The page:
Filtering what comes through ‘mainstream’ media is good for one’s mental and spiritual clarity these days. I try to avoid television, but caught a bit of the headlines last week sort of by accident (on CNN, I think it was). Joe Biden plans to cut ‘carbon emissions’ – that ill-defined hydra – by 30-50% by 2030. Hmm. A man on a mission.
Of course, he chose this fifty-first anniversary of ‘Earth Day’ to announce his bold ambition at a virtual ‘Climate Summit’, with the quixotic goal to be reached by the sixtieth. The keynote speaker was none other than the cadaverous, sometime-presidential candidate, now ‘climate envoy’, John Kerry, whose speech garnered about 25 viewers in total, in a planet estimated to hold seven billion. So much for capturing the zeitgeist.
‘Earth Day’, first officially celebrated on this day in 1970, with its roots in the nascent environmentalist movement, Rachel Carson’s Silent Spring, the exaggerated effects of DDT and everything else, back-to-the-landers, hippies reacting against the bourgeois mentality of their (to their jaded eyes) stultified, suburban post-War upbringing, and so on. There was no global warming back then – in fact, the fear, if anything, was just such a return to another ice age.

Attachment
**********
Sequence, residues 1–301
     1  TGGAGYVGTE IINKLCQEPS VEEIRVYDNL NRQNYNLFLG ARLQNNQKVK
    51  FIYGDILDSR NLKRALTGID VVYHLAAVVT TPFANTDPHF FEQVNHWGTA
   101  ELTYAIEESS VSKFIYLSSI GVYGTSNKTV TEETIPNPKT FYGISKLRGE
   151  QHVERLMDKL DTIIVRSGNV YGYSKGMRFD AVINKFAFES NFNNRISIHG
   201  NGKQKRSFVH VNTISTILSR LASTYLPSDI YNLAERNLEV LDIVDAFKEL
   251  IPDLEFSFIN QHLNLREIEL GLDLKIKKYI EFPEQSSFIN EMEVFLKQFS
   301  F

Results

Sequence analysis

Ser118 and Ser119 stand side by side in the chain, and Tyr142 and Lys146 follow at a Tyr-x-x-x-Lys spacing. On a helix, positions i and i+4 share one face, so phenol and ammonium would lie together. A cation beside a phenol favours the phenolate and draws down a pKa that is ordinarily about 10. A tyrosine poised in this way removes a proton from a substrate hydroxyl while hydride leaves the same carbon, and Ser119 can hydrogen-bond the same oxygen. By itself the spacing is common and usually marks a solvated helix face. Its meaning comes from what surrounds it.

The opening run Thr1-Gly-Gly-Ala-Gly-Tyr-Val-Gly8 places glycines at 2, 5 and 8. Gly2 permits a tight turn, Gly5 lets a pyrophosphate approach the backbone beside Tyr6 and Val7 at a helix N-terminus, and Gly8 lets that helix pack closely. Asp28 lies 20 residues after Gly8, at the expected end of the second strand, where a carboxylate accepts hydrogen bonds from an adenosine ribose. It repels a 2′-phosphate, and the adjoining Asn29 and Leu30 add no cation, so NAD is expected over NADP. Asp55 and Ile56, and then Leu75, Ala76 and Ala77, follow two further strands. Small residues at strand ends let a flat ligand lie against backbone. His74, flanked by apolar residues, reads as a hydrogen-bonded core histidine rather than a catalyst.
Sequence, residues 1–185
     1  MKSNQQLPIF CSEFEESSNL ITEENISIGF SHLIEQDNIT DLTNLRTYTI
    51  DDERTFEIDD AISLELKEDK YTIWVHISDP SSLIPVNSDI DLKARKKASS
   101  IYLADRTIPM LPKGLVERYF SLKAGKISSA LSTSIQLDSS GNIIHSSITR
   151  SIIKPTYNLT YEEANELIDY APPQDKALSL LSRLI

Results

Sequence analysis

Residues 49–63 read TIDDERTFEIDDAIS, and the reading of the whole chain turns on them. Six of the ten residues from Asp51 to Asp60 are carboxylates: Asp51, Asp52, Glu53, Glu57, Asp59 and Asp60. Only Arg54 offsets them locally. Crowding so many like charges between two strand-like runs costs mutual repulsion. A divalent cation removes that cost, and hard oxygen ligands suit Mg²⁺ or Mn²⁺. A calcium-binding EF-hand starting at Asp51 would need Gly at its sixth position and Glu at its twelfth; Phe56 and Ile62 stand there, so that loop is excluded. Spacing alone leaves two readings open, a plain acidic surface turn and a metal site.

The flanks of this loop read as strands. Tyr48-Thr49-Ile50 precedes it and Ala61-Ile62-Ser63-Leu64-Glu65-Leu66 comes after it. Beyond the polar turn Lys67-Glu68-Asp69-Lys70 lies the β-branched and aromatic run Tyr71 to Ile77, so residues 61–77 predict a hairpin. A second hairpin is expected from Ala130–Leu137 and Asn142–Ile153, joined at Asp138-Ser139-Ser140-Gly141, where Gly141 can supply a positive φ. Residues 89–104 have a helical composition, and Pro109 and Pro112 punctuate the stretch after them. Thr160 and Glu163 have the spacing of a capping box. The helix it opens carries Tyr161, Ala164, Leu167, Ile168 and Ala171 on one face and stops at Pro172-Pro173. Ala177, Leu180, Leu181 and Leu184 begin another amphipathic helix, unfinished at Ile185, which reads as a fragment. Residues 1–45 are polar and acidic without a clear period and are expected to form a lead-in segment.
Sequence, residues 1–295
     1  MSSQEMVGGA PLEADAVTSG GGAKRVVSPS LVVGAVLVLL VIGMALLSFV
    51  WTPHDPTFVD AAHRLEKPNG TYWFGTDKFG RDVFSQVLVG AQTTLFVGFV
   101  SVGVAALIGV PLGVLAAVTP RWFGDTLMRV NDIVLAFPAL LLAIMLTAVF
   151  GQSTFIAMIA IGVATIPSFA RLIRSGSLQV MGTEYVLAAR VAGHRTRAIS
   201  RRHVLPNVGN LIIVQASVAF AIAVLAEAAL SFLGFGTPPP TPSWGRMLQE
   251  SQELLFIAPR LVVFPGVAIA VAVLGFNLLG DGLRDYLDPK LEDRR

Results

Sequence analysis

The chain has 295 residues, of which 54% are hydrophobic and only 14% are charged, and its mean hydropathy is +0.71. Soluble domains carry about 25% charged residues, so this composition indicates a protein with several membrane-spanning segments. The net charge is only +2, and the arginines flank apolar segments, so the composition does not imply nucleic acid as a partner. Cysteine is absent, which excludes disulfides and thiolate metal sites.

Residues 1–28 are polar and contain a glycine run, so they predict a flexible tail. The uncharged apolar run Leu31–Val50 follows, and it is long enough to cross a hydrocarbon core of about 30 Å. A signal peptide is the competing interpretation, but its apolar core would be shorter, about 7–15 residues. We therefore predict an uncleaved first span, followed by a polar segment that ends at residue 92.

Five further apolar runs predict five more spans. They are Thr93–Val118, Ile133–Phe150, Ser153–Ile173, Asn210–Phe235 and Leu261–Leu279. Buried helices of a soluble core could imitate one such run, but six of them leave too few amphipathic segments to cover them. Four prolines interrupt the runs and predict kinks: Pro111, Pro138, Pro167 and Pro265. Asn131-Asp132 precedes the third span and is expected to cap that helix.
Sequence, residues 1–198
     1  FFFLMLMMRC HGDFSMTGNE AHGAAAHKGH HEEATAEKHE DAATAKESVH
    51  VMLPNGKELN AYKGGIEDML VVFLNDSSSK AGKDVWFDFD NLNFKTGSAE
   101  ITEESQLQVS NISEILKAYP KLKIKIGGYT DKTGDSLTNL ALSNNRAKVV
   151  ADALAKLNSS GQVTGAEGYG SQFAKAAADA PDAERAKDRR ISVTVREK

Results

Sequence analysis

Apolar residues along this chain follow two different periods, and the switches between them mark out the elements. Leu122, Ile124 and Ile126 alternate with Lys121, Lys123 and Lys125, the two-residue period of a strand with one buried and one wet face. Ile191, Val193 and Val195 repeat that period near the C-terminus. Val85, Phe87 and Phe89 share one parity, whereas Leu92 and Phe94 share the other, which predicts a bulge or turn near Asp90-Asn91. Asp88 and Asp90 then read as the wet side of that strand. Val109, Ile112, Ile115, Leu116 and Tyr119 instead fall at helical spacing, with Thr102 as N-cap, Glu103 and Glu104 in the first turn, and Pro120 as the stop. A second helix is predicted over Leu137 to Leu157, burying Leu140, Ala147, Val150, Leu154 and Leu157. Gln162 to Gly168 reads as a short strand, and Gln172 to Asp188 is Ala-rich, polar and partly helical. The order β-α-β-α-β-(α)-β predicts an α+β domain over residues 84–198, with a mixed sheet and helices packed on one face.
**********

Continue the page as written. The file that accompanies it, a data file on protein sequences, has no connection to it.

It is a day I normally don’t mark, as an ideologically motivated celebration – see Biden, above, as exhibit A. That said, I do very much believe in a ‘Catholic ecology’ and stewardship – all in its proper order, in the right way. To paraphrase Christ, the Earth was made for Man, not Man for the Earth, and the purpose of life here is not to maintain this planetary ‘spaceship’ for as long as possible, before, as the late Stephen Hawking suggested, finding a way to populate other planets. No, the form of this world is passing away, and will end at some point in the future chosen beforehand in the mystery of God’s will, when these heavens and this Earth will be dissolved, and we will all be judged on our faith in the truths of the one, true God and His Church; on our hope in what endures and is of perennial value; and, most of all, our love, charity, for the same God, and our fellow human beings.
Everything else, as Saint Paul says, is dross, if not used for these ends, and especially if goes contrary to them.
We do believe that a proper care for this beautiful planet is part of that love for God and neighbour – for who wants to live in a polluted, smog-infested garbage dump, a la much of industrialized China? We can all do our own part – keep our local environment as clean and even presentable as we might. In my own numerous forays into the great outdoors, I often pick up garbage. But the cleanliness of the Earth is not for its own sake, but so that it may be enjoyed by humans throughout our generations in a rightly ordered way.
As the Catechism (#338) succinctly puts it:
God created everything for man.
And (#343): Man is the summit of the Creator’s work